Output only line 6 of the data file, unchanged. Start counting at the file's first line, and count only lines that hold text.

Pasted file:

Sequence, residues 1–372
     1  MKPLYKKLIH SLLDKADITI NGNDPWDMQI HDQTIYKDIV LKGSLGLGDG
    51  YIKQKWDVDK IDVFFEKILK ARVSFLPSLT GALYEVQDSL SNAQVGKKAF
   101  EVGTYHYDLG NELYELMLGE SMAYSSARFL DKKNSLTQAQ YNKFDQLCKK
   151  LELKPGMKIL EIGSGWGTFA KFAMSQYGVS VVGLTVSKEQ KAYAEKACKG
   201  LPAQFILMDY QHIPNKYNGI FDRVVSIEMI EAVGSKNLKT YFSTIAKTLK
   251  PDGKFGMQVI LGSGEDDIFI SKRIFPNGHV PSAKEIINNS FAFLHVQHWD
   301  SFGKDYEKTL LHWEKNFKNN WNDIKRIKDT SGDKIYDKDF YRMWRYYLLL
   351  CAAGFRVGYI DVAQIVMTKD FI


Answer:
   201  LPAQFILMDY QHIPNKYNGI FDRVVSIEMI EAVGSKNLKT YFSTIAKTLK